Tuesday 14 February 2017


Eighty leading figures in the fields of arts, science and education from across Europe will discuss the long-term impact of Brexit on their sectors at a two-day conference, convened by the British Council.

The Berlin conference, on February 15-16, is the first of the British Council’s EU-UK Culture and Education Series which will encourage hundreds of participants to discuss the future of cultural, scientific and education funding and partnerships as the UK looks beyond Brexit.

Sir Ciarán Devane, Chief Executive of the British Council said: “Britain truly wishes to maintain friendships and alliances across Europe following Brexit, so we need to listen to views from the EU’s 27 other nations.

“The knowledge economy will shape both Britain’s and Europe’s future but it has been left particularly concerned by the referendum vote, with questions about funding and movement of people topping the list.

“We need to ensure that all these voices are not only heard, but are fought for in negotiations. Leaving the EU does not mean leaving Europe and ending our long history of exchanging arts, education and science.”

The British Council is drawing on its contacts and expertise to create a forum for leaders in arts and culture, education and skills and science and research to discuss the future of these sectors post-Brexit.

Points raised during the course of the Series will be used to create a communiqué that will be delivered to European and UK government departments and non-governmental institutions on both sides of the Channel to assist and inform negotiators and to aid the development of policy in these fields in the wake of Britain leaving the EU. 

The Berlin conference will be chaired by John Newbigin OBE, Chairman of Creative England and member of the British Council’s Advisory Board for Arts and Creative Industries.

The conference is being organised in partnership with the Goethe-Institut of Germany and the German Academic Exchange Service (DAAD). Some 80 delegates are expected to attend the first event of the series among them representatives from Universities UK, Institut Français, Institut Cervantes, European universities, museums and research groups.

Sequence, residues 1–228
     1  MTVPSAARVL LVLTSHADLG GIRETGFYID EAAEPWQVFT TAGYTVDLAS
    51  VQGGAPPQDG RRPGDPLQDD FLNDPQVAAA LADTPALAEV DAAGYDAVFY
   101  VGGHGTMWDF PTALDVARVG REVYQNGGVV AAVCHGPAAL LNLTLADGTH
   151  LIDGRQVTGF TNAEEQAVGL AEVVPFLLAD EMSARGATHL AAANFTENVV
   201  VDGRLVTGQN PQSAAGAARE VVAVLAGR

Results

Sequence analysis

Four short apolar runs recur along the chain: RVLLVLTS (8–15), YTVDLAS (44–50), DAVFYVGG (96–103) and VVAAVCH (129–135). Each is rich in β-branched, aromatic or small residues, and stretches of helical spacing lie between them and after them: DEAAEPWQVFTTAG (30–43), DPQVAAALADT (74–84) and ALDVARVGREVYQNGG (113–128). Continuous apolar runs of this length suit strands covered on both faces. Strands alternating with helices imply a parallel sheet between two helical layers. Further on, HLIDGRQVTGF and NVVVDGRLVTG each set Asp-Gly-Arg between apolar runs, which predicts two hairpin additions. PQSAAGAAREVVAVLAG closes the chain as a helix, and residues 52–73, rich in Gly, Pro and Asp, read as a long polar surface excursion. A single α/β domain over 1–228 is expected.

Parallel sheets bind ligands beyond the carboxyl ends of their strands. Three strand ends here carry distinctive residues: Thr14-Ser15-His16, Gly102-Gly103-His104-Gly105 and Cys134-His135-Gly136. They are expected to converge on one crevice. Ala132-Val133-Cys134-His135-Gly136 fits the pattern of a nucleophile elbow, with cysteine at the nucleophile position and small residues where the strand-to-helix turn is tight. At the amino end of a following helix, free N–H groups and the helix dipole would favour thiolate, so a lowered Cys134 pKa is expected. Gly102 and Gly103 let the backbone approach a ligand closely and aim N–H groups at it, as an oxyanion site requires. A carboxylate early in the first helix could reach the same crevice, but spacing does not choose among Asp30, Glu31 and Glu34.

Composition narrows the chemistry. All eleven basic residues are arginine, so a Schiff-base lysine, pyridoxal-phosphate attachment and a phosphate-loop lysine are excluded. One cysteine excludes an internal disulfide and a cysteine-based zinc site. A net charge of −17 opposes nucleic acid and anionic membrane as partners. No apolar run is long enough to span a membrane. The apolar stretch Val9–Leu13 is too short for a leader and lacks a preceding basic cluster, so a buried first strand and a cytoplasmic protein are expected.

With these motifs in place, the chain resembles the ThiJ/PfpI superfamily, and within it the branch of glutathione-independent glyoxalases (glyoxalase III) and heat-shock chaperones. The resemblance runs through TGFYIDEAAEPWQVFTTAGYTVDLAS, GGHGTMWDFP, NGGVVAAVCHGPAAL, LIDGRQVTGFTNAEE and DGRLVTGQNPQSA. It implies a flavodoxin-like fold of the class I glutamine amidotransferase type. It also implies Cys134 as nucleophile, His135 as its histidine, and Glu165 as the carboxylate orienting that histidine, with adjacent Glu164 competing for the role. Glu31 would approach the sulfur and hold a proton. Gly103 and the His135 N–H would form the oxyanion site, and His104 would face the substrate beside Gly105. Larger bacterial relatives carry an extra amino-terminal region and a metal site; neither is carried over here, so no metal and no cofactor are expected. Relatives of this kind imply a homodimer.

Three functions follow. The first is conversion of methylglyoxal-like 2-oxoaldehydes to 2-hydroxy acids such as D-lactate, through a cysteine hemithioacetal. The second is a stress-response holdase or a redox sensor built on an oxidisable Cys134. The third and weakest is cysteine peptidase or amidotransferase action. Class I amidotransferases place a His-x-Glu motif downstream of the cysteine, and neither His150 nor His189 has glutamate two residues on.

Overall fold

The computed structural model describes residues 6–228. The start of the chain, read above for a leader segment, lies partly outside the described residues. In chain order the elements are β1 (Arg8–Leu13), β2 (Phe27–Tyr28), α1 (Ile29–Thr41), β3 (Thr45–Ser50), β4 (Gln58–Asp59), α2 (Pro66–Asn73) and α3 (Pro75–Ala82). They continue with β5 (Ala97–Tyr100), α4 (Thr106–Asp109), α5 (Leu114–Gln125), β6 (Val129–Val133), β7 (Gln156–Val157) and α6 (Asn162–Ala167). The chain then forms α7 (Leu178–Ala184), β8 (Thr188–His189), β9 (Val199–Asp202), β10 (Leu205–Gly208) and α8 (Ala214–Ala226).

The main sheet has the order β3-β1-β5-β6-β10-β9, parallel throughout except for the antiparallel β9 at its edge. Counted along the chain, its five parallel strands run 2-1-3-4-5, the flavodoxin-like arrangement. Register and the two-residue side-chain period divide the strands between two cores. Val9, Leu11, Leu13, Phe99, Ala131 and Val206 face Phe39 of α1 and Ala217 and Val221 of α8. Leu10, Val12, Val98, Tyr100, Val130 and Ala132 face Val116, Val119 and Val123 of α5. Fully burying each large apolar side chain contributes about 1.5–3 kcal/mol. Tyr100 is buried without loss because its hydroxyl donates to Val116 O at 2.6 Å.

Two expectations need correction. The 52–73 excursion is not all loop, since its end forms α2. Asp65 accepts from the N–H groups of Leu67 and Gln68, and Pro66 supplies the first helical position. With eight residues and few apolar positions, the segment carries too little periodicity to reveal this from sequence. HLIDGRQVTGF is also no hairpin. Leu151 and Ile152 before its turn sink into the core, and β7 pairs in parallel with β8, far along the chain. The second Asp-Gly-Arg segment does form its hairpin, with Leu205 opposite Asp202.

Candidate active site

Representatives across a range of sectors are expected from the UK, France, Germany, Spain, Croatia, Estonia, Hungary, Italy, Lithuania, Belgium, Poland, Slovakia and Bulgaria.

Over the course of coming months up to 500 influential stakeholders will be taking part in events linked to the series, including online events and two further conferences in Europe and the UK.

Notes to Editor

For more information, please contact peter.hawkins@britishcouncil.org +44 (0)207 3893061 mobile: +44 (0)7771 718135, out-of-hours +44 (0)7469 375160

About the British Council

The British Council is the UK’s international organisation for cultural relations and educational opportunities. We create friendly knowledge and understanding between the people of the UK and other countries. Using the UK’s cultural resources we make a positive contribution to the countries we work with – changing lives by creating opportunities, building connections and engendering trust.

We work with over 100 countries across the world in the fields of arts and culture, English language, education and civil society. Each year we reach over 20 million people face-to-face and more than 500 million people online, via broadcasts and publications.

Founded in 1934, we are a UK charity governed by Royal Charter and a UK public body. The majority of our income is raised delivering a range of projects and contracts in English teaching and examinations, education and development contracts and from partnerships with public and private organisations. Eighteen per cent of our funding is received from the UK government.